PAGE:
Our Art Guy (and lifetime downhill fan), Rob, reflects on a full, exciting and emotional weekend at the Fort William World Cup…
As we all know, heroes come in all shapes and sizes. Sometimes they come in sparkly suits with fancy weapons, other times they wear unbelievable moustaches and represent much more than just a talisman for a sport. For fans of mountain biking and specifically downhill, our heroes come in full face helmets, mirrored goggles and, well…sparkly (enough) suits. As for weapons, the bikes these heroes ride are ones we lust after, and as kids (and maybe adults) pin up on our bedroom walls staring at for hours. Fort William has been a race I’ve always wanted to get myself to, but up until now there has always been a reason to put it off until ‘next year’ with other plans coming up, or the six hour drive, seeming that touch too far to justify for a two day trip. This year I got my chance, and boy was it as good as I could have imagined.
World Cup weekends are always going to be a fantastic occasion, and this one in particular was going to be straight from the top drawer, for many different reasons. This weekend was all about the heroes of downhill, the real legends of the sport. Emotion, elation, excitement – Fort William 2016 had it all.
Rachel Atherton once again showed this weekend why she wears the rainbow jersey, and continues to prove why she has to be considered one of the best athletes Britain has produced, claiming her 9th consecutive World Cup victory. Gracious in victory, a true sports personality who is dominating her sport and field, and a massive influence on anyone who wants to be a part of this sport.
Topping the podium doesn’t mean the occasion is over. Rachel cheers Manon Carpenter on after a crash on her race run. Manon still comes in third and as Rachel has done so many times in her career, continues to show the power of Great Britain within the Downhill series standings.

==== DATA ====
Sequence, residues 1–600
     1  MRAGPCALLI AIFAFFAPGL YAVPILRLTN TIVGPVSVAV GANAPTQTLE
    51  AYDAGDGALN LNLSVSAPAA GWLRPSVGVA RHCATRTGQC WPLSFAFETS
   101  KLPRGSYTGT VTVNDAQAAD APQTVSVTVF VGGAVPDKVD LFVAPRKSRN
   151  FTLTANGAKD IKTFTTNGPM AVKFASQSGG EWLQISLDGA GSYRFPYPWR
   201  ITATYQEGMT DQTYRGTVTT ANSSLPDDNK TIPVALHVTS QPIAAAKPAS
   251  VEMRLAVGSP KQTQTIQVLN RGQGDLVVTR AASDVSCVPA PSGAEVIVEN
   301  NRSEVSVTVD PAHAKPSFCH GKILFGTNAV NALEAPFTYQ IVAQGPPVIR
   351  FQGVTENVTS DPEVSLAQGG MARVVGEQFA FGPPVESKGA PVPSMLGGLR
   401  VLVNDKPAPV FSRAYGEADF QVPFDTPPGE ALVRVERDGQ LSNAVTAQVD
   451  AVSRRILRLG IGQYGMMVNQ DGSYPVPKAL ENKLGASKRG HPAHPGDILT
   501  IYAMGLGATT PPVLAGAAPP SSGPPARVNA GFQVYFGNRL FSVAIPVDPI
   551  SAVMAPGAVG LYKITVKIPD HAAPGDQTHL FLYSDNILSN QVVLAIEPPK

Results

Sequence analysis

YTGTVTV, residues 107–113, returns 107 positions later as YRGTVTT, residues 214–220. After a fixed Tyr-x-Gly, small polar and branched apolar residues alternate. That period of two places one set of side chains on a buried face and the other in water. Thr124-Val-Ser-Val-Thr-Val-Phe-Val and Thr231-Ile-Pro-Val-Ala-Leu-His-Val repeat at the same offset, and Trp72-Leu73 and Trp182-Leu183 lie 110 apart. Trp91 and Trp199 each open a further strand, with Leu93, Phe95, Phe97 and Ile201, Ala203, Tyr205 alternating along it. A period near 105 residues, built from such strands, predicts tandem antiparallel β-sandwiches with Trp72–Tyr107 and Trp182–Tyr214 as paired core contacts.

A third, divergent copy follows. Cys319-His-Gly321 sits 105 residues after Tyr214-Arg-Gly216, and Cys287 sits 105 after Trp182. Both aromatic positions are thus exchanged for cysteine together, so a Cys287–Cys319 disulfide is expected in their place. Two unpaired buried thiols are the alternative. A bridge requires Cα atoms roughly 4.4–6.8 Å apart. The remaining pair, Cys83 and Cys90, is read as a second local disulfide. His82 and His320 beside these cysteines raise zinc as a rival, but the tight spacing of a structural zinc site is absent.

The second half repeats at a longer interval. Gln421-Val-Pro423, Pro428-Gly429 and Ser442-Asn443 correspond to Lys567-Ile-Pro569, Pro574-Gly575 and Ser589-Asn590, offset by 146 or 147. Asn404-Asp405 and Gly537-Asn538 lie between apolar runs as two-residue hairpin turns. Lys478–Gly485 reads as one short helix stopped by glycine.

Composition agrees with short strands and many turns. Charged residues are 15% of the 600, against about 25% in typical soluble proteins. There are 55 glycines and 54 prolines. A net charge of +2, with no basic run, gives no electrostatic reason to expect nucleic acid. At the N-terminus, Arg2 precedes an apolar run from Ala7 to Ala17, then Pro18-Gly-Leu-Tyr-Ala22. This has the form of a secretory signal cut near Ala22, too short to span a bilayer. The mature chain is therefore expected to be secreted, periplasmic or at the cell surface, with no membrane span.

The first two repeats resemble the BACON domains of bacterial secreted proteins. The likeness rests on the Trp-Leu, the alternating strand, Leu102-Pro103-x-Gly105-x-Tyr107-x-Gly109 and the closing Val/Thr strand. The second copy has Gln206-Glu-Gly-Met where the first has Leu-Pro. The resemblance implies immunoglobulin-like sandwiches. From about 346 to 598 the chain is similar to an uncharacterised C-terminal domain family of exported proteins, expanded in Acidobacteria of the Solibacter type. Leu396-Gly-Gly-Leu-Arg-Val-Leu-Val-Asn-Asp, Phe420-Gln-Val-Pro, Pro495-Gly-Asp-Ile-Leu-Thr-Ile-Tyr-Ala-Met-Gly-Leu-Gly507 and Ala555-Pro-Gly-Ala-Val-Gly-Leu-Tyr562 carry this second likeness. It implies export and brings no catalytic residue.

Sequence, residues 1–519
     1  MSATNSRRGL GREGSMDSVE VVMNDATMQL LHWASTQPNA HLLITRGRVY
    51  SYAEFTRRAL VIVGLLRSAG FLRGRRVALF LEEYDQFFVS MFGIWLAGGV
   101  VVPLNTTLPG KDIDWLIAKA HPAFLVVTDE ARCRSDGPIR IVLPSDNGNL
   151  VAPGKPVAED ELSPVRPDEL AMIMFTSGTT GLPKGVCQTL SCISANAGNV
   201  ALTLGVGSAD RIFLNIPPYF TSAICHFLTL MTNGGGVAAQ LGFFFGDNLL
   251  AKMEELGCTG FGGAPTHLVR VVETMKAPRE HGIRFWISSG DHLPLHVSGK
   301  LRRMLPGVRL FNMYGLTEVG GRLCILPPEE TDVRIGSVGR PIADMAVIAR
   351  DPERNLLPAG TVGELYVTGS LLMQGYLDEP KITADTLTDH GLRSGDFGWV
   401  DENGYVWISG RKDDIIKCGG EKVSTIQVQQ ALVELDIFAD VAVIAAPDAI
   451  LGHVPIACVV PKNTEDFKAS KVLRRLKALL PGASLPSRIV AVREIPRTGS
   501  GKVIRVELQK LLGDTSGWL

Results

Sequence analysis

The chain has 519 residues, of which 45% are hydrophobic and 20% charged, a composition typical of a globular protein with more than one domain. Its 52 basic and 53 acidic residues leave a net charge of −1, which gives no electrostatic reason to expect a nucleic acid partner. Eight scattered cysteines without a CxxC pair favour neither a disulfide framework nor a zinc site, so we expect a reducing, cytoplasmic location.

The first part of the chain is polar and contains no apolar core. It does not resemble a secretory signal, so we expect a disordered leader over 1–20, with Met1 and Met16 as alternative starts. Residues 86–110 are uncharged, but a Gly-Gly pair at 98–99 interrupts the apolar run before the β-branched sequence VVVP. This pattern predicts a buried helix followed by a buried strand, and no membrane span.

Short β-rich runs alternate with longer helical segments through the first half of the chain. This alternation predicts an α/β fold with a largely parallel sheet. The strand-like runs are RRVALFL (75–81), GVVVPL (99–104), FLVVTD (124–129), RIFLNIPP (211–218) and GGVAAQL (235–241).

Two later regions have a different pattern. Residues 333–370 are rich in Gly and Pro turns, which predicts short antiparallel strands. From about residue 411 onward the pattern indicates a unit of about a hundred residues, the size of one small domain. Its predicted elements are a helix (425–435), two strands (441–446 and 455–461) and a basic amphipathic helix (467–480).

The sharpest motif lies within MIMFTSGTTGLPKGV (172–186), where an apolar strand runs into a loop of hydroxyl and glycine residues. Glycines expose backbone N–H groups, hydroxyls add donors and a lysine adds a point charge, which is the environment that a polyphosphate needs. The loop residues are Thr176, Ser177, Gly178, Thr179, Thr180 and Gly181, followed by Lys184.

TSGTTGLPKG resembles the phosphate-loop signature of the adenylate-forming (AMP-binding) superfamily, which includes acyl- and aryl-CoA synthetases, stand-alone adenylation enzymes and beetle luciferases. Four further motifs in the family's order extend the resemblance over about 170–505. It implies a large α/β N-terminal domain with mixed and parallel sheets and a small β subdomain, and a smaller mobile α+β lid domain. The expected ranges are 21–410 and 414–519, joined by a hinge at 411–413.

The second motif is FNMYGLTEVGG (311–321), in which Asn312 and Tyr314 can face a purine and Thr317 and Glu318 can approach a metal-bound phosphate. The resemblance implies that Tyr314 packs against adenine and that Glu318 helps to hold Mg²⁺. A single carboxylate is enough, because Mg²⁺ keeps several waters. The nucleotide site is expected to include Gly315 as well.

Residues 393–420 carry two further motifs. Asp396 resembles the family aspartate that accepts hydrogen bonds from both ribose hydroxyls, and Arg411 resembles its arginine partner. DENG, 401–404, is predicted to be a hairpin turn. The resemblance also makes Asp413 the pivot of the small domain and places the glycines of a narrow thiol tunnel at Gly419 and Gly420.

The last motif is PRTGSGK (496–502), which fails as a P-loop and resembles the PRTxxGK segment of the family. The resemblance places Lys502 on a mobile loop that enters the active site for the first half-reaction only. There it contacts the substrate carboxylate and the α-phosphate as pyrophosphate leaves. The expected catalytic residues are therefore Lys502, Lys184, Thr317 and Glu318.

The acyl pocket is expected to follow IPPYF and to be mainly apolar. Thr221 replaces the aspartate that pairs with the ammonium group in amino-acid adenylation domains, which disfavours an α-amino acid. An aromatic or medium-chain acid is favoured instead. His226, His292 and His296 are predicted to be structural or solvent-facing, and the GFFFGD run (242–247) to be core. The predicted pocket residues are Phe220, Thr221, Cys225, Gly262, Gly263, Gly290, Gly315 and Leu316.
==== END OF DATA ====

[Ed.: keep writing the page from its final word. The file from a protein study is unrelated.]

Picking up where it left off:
A crash in the race run can’t stop Manon taking third at Fort William. A true champ!
In the men’s, Greg Minnaar triumphed in extraordinary fashion, and continued his reign of being the most decorated Downhill mountain biker ever. This hero settled for an all grey ensemble, complementing his chrome Santa Cruz V10 beautifully.
Team mates back in the finish area safely, Josh Bryceland and Minnaar congratulate each other on the top step. Bryceland had an unfortunate run with a few costly mistakes in the middle section, finishing him in 15th. Smiles all round for the Syndicate team mates.
Aaron Gwin flies down the hill into second place, with focussed eyes and the aero position fully engaged.
The podium sat and watched as qualification leader and last man on the hill Gee Atherton headed into split one, a few hundredths of a second up on Minnaar. A uncharacteristic crash in the top section however, blew Gee’s hopes of beating Minnaar to the top step and after making it to the finish line safely, Minnaar took to his feet to claim his victory. Just behind Aaron Gwin, our own Danny Hart claimed a phenomenal third place, just +3.995seconds off the pace of Minnaar.
It was all hugs, high fives and smiles for the South African.
Adam Brayton clocked a superb 4th place podium finish with a time just +4.046seconds behind the winner, Minnaar. Another Great Britain athlete showing the goods in one of the biggest stages on the Downhill circuit.